WordPress, Simple Press, and AWS

End of last month I’ve set up a site based on WordPress with a forum system called Simplepress for a project of two friends of mine and me. I decided to take advantage of the free Amazon AWS tier for this, so I’ve set up a new account for the project with the appropriate domain name to get started immediately.

As a fan of Debian I went for the Debian 7 AMI, 64 bit, for the first AWS t1.micro instance. Since the applications to be installed will require a database, I opted to use the AWS RDS products rather than a locally installed MariaDB instance, mainly as I knew that over time I will add more servers, and as such having a central DB would make it much easier in the long run. Installing and setting up a WordPress system is straight forward, so won’t cover much of that here. Of course where it comes to the DB settings, enter the AWS RDS parameters. First thing I usually do is moving the wp-config.php file up one directory, as it is really not needed in the directory which will be served world wide, and WP will recognize the file in the new location. However the directory one up is the only place where WP will find wp-config.php if it’s not in its default location. Within AWS I registered an Elastic IP and pointed it to the new instance.

Following the configuration of all required items, I’ve added and activated the Simplepress plugin and proceeded with the configuration for the forum such as the forum groups, naming, etc., and when all done, I installed the “W3 Total Cache” (W3TC) plugin to use its CDN function for AWS S3. The plan is to create an S3 bucket where user avatars will be uploaded to from the machine to be served from the bucket instead. This will require the enabling of the option to serve sites from S3 in the bucket options, as well as a separate user with AWS permissions and credentials to access the S3 bucket.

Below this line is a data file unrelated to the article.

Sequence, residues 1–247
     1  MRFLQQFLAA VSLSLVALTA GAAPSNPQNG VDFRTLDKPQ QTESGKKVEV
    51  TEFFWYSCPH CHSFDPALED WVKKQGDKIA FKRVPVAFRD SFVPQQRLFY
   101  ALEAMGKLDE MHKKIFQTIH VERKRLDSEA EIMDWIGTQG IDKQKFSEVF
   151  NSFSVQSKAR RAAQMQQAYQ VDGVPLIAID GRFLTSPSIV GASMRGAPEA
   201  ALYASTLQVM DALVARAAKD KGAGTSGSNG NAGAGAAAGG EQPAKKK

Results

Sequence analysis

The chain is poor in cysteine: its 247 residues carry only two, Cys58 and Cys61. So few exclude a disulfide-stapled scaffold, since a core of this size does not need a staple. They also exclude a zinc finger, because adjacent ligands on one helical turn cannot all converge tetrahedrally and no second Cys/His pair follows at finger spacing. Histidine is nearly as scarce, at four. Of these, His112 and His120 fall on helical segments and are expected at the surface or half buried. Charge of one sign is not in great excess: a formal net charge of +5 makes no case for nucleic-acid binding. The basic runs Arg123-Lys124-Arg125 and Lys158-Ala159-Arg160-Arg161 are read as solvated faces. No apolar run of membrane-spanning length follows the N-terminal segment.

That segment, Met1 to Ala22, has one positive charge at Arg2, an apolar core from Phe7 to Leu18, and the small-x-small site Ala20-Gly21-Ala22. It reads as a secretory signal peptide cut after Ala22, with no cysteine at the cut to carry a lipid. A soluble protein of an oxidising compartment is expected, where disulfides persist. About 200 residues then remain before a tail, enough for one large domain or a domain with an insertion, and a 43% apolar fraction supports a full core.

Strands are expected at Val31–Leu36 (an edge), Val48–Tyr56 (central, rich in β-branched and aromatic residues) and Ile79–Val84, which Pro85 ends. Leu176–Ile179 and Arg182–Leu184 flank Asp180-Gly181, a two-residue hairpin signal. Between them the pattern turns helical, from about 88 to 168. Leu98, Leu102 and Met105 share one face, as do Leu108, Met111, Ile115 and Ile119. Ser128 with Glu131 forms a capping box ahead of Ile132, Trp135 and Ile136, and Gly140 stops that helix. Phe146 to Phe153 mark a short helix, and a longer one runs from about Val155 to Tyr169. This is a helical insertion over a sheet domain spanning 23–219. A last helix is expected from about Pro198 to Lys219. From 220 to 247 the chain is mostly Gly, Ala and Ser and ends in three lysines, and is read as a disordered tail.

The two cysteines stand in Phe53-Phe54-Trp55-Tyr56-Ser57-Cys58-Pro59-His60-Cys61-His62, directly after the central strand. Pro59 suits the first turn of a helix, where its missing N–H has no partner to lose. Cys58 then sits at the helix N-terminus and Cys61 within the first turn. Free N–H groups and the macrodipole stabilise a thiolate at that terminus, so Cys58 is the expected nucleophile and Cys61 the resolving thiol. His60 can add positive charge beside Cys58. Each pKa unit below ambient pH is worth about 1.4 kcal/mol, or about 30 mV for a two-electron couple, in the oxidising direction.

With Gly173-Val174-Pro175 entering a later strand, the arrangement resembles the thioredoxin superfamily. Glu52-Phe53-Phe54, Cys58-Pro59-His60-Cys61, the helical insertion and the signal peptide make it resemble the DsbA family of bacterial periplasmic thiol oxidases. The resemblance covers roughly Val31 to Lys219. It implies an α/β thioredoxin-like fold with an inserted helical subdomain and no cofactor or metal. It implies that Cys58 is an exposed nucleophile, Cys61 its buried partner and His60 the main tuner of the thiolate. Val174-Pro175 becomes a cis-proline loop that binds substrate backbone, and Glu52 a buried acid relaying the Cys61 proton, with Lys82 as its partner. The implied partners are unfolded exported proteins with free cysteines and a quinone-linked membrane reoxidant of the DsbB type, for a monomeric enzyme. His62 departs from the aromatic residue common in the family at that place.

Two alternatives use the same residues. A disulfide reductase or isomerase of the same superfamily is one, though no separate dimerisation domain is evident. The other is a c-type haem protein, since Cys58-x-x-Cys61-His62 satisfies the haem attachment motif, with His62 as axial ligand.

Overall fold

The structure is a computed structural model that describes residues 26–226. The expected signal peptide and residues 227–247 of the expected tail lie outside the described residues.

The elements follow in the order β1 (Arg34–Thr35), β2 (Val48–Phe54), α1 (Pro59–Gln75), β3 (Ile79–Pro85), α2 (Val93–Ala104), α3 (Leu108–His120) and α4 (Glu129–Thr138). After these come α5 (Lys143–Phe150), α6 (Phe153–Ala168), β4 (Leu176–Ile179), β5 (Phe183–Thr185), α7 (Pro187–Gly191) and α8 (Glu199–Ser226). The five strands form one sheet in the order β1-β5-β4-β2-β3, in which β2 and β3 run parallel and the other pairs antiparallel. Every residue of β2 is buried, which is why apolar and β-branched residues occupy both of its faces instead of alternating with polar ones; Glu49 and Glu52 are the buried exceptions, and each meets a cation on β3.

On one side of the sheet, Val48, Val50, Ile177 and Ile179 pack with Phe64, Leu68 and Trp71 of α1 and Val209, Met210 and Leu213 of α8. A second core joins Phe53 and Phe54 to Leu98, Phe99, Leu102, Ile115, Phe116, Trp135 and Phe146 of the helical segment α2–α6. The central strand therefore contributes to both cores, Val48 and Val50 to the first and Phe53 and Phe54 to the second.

The least amount of S3 actions are required, the policy below is enough for the functionality of the W3TC plugin with the S3 bucket:

  "Statement": [
      "Action": [
      "Effect": "Allow",
      "Resource": "arn:aws:s3:::*"
      "Action": ["s3:GetObject","s3:PutObject","s3:PutObjectAcl","s3:PutObjectVersionAcl"],
      "Effect": "Allow",
      "Resource": ["arn:aws:s3:::BUCKET_NAME", "arn:aws:s3:::BUCKET_NAME/*"]

Be careful to not enable the option within the CDN options named “Force over-writing of existing files”, otherwise it will constantly upload existing files to the bucket, at the specified interval within the CDN options, which of course can rack up your S3 usage and therefore the costs. Which I of course found out in the long run after wondering why the S3 PUT/COPY/POST/LIST requests where rising so fast so high. Unfortunately however the plugin doesn’t quite do what I’d expected from it. It will upload the items to the S3 bucket as per specified plugin CDN parameters, however it will retain a copy of the file on the local disk and will still require on it being there. As example, user X uploads avatar #A1, #A1 will be uploaded to the Simplepress avatars directory and immediately visible to the user. W3TC will upon its next synchronisation run upload the file to the S3 bucket from where it will be served the through rewriting the URL to the avatar. However I’ve noticed both that the Simplepress profile overview will always take the local URL, not the S3 served URL, which is a bit annoying, but also when I delete the local file, the S3 file will not be served anymore, even though it’s still located in the bucket. So in the end the local file will still always be required, which is a bit contrary than what I wanted and in the long run means I may need to add additional disk space.